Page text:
The architect’s process usually involves coming up first with a rough sketch, massing, the basic plan, and then 3D. He tries to come up with 2 or 3 versions of the basic design. Even with one plan, it already works for the client, and the final design just needs to be tweaked for the interior, detailing, orientation, etc.

Designing and renovating houses

Although Mark Madrid can do a variety of structures, it’s in designing and renovating houses where he finds more satisfaction. He is open to ideas or styles, depending on the client. It’s more of the personalization, the greater level of attention, personalizing everything for them. He admits that there are easy clients and those that aren’t sure of what they want. But he says it’s more of being attentive to their needs, showing that you are there to guide them.

On the other hand, “renovations are hard, you have to deal with what’s there, what’s inside. Every time you take out a wall, you see a problem. That’s why the cost of renovation per square meter is generally more than if you were to build from scratch. If you build from scratch, you have total control. If you try to retrofit, it’s difficult sometimes.”

Talking about one of his projects: “When I first saw it, it had good enough balance and right there I already sort of knew what the approach should be. I already had a theme in mind. It was a typical 80s looking house, so I wanted to have something with a modern look. The house reminded me more of Japanese contemporary houses. The basic form remained but it was more a matter of tweaking the roof fascia and making it thinner. The windows were enlarged and changed from arched to rectangular. A sandstone wall was added for accent and texture.”

There are also renovations where the architect admits is really difficult. “If there’s no balance, or if the form is not really nice, it’s limiting, only minimal improvements can be done. The form of the house dictates what is possible or what can be done to make it proportionate. There’s a certain balance that you want to achieve, a curb appeal.”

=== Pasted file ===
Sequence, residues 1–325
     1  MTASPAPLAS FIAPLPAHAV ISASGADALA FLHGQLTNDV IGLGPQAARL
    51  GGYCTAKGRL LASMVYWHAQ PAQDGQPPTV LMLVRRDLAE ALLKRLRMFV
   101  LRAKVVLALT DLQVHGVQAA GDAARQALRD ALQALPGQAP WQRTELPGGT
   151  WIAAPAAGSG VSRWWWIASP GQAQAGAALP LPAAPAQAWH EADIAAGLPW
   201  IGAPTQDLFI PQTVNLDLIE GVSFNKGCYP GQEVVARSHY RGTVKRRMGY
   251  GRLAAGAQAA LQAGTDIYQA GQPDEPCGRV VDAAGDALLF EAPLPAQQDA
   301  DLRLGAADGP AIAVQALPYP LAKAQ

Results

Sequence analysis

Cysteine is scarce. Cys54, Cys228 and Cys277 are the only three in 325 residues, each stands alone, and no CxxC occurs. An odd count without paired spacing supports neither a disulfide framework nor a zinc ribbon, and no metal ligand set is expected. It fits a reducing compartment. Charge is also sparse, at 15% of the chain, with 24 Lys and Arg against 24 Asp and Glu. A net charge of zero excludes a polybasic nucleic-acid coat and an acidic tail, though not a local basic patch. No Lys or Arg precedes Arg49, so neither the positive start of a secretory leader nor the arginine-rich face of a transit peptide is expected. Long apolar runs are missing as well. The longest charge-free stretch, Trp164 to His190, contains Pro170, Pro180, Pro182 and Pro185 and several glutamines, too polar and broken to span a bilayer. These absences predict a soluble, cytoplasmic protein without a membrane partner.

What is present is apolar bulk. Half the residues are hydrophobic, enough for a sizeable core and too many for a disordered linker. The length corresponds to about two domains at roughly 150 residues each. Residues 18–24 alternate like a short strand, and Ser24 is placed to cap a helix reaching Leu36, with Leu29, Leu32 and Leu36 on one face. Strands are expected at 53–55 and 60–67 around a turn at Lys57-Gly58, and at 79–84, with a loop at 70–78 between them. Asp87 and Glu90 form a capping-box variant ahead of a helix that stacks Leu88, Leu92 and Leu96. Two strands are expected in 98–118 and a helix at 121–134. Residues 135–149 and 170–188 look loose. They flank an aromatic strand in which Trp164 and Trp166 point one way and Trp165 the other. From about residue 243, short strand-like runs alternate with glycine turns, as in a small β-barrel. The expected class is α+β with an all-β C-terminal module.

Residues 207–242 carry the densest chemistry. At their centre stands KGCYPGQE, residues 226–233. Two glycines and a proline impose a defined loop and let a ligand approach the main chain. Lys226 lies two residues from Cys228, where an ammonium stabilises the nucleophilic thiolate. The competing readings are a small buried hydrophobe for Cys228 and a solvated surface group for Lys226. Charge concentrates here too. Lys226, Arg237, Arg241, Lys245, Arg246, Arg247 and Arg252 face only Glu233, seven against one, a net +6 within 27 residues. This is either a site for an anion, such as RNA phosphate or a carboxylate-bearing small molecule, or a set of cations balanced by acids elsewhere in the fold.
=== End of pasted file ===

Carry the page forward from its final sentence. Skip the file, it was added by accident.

Baguio old house

Architect Mark Madrid restored an old Baguio house located at a quiet neighborhood near Wright in 1994. The structure is probably from the 1930s or 40s. The 2000 square meter lot has a 650 square meter, three story structure built on a slope. The building was in a sad state when acquired. The portion starting from the kitchen down tilted precariously because of the earthquake that hit the city in 1990. A gaping hole filled with stagnant water was below the building with its wooden posts decayed. It was easier to demolish than to renovate but Mark Madrid decided otherwise, “let’s save it.”

The ground was filled and stabilized, the tilted portion raised and cement posts were added. Seeping water and age has discolored and moistened the original parquet flooring of the ground floor, which, upon sanding, they discovered to have a light and dark pattern. But because of the condition, they decided to remove the wood, treat it and put it back again randomly.

The underground is now a spacious driver’s quarters while adjacent to it, a smaller lounge area with a view. It also doubles as a guest room. Only the kitchen has a subtle slope that is noticeable. As the original three story fireplace, one for each level is useless due to clogged vents, a smaller living room with a fireplace was added. A small divider connects a bigger living room at one side, a smaller closed kitchen beside it and a spacious dining hall. Beveled glass windows open to a nice veranda with a great view of pine trees and beyond. The staircase was expanded a little while most of the master’s bedroom has been retained. A spiral staircase leads to a three room attic with its original wallpaper still intact.

It’s a lovely restored house that benefited well from a good renovation plan and execution. These are hallmarks of what Architect Mark Madrid can provide whether it’s designing or renovating for a client.

Originally published April-June issue of D+C magazine. Check out my Architecture Photography portfolio.

I’m folding in tenzerofour.com to stancabigas.com

tenzerofour

After much thought, I have decided that my Architecture and Interiors blog, TenZeroFour will be folded in to stancabigas.com. Since 2013, I have made TenZeroFour as an exclusive blog for all my Architecture and Design related photography and posts. As I focus more on this site, the need to consolidate my blogs is now needed.

I’ve featured hotels, houses, and architects locally and international. As I transfer posts, selected posts from TenZeroFour will be incorporated slowly before the domain name expires later next year. Some of the posts will be reworked while some multiple features will be consolidated as one, like those of hotels. As what will happen, StanCabigas.com and my travel blog, Langyaw.com will be my main websites while @TenZeroFourPH in Instagram will also remain.

tenzerofour
My Architecture and interiors blog, TenZeroFour.com

The first TenZeroFour post

Le’ts look back at my first post and why I made that site: